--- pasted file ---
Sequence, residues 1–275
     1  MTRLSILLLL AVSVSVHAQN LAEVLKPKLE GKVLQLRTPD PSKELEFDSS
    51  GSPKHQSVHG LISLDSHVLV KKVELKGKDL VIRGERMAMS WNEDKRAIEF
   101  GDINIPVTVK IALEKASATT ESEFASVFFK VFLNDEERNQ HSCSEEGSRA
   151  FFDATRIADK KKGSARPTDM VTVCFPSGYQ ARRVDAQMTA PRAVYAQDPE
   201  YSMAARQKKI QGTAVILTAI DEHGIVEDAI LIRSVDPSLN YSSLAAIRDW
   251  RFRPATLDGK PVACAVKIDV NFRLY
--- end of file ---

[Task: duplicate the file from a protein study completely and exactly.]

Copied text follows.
Sequence, residues 1–275
     1  MTRLSILLLL AVSVSVHAQN LAEVLKPKLE GKVLQLRTPD PSKELEFDSS
    51  GSPKHQSVHG LISLDSHVLV KKVELKGKDL VIRGERMAMS WNEDKRAIEF
   101  GDINIPVTVK IALEKASATT ESEFASVFFK VFLNDEERNQ HSCSEEGSRA
   151  FFDATRIADK KKGSARPTDM VTVCFPSGYQ ARRVDAQMTA PRAVYAQDPE
   201  YSMAARQKKI QGTAVILTAI DEHGIVEDAI LIRSVDPSLN YSSLAAIRDW
   251  RFRPATLDGK PVACAVKIDV NFRLY